HTTP headers are a component of the HTTP protocol, which is used for communication on the web. Headers provide important metadata about the HTTP request or response, such as the type of content, the status of the response, cookies, and more. Each HTTP header consists of a name and a value, separated by a colon.
In PHP, you can use the
header() function to send raw HTTP headers. You can use it to set new headers, modify existing headers, or even send HTTP status codes.
Here is the syntax for the
header(string $header, bool $replace = true, int $response_code = 0): void
$header- Required. It specifies the header string to send. For example, to tell the browser that you're sending HTML content, you would use:
$replace- Optional. It indicates whether the header should replace a previous similar header.
true(it will replace),
false(it will not). Default is
true. If it is set to
false, it will create additional headers of the same type.
$response_code- Optional. It forces the HTTP response code to the specified value (PHP 5.1.2 and newer).
One of the common use cases for using the
header() function is to redirect a user. To redirect a user to another URL, you can send a
Location header with the URL of the new page. Here's an example:
In this case, the browser will receive the
Location header and automatically redirect the user to the URL specified (
Another use case is to change the content type. The
Content-Type is an HTTP header that indicates the media type of the resource or the data being sent to the client. In other words, it tells the client what the content is composed of and how to interpret it.
Here are some common examples of Content-Type values:
text/html: HTML document (default for many web servers)
text/css: CSS file
application/json: JSON data
image/jpeg: JPEG image file
audio/mpeg: MPEG audio file
video/mp4: MP4 video file
application/pdf: PDF document
multipart/form-data: Used when a form is submitted and it contains a file, non-ASCII data, or binary data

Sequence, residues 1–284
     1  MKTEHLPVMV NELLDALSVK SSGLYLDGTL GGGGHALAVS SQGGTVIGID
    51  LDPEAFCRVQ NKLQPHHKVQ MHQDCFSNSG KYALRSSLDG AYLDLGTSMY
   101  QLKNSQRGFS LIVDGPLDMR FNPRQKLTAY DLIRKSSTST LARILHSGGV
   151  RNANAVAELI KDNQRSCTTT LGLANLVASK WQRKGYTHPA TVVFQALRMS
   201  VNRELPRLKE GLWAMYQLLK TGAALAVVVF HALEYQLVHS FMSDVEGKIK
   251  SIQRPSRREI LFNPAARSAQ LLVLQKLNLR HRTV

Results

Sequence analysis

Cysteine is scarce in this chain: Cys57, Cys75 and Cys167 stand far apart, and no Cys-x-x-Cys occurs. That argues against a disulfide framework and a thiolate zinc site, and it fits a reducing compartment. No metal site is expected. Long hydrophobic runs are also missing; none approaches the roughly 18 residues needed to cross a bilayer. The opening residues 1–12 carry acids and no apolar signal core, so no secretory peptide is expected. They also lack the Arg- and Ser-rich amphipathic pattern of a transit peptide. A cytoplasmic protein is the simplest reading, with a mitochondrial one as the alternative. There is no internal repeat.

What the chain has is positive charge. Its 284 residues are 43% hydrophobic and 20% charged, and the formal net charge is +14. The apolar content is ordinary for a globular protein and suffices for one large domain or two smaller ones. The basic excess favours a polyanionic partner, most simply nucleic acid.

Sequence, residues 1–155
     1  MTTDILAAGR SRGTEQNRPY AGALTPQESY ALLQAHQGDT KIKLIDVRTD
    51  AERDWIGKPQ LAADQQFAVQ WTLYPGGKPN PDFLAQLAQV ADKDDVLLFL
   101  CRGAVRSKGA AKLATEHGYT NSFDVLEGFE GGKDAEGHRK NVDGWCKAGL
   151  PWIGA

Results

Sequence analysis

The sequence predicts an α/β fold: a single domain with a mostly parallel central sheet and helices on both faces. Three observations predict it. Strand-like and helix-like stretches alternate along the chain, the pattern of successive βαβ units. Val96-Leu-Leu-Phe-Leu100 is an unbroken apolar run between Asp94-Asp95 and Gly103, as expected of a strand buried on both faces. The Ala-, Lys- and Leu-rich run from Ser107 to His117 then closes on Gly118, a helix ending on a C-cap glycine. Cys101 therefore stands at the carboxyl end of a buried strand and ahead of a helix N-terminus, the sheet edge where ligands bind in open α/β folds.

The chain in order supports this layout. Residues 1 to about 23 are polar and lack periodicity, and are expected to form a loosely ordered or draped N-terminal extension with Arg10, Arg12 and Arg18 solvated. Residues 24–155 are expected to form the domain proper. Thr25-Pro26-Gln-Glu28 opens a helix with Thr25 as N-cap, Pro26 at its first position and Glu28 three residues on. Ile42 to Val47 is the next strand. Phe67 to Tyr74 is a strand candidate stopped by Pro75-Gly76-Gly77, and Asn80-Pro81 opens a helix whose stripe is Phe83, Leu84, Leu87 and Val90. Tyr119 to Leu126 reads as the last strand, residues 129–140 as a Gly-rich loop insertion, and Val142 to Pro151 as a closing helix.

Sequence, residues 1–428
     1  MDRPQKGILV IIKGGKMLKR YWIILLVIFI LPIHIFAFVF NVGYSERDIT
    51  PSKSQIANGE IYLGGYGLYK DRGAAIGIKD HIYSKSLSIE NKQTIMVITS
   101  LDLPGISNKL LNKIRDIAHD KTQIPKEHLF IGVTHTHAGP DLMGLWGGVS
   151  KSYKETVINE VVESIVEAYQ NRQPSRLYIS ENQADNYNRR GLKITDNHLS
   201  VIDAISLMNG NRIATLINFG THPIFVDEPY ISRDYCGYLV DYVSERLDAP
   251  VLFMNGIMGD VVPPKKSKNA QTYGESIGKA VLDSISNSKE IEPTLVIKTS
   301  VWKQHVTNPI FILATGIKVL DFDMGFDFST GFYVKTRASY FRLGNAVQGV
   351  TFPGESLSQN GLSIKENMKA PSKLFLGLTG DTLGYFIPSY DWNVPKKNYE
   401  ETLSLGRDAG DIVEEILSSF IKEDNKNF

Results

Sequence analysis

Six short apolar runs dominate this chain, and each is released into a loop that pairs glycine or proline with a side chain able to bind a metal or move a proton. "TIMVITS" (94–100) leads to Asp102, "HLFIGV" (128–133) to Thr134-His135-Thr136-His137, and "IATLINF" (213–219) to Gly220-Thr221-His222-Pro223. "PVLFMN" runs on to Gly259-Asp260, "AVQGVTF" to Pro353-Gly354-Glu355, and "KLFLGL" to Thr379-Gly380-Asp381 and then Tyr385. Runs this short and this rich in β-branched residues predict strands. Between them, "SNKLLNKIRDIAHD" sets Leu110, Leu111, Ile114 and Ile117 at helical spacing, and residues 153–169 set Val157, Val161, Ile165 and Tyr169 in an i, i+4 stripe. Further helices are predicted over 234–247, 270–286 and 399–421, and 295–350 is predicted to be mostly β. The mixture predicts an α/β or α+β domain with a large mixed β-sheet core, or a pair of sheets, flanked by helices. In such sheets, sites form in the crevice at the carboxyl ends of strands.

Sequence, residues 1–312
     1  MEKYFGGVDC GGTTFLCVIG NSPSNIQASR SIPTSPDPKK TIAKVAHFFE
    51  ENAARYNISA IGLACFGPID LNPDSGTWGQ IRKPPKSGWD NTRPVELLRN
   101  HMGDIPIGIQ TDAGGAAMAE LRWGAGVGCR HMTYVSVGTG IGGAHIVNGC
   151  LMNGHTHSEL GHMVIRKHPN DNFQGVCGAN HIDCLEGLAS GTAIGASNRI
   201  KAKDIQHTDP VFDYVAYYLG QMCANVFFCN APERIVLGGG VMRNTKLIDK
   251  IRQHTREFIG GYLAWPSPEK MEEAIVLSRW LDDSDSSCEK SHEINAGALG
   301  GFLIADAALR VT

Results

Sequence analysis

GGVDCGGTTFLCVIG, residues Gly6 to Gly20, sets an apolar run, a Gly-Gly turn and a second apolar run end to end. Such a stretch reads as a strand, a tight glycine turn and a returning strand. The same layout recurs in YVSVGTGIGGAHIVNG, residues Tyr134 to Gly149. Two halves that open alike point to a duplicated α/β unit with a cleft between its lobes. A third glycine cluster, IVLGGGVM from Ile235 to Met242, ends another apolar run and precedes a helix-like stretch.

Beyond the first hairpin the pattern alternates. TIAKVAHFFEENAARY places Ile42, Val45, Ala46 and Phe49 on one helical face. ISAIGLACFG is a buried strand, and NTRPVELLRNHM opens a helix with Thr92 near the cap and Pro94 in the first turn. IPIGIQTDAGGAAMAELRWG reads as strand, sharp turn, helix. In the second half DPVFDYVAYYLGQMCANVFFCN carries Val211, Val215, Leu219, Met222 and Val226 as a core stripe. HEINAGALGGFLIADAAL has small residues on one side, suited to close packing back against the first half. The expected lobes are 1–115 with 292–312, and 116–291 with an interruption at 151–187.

For example, if a server sends a response with
Content-Type: application/json, it means that the server is sending JSON data, and the client should interpret it as such. Similarly, a
Content-Type: image/jpeg means that the server is sending a JPEG image.
The Content-Type value is important as it helps the client (often a web browser) to understand how to handle the received data correctly. Without it, the client might not be able to display the data to the user in the correct format.
To change the content type of the HTTP response, you can send a
Content-Type header with the desired MIME type. For example, if you want to send JSON data, you can do:
In this case, you're telling the client that you're sending JSON data. This is important because it allows the client to correctly interpret the data that it receives.
- HTTP headers provide metadata about HTTP requests and responses, such as the type of content, the status of the response, and more.
- In PHP, the
header()function is used to send raw HTTP headers.
- To redirect a user to another URL, you can send a
Locationheader with the URL of the destination page.
- To change the content type of the response, you can send a
Content-Typeheader with the desired MIME type.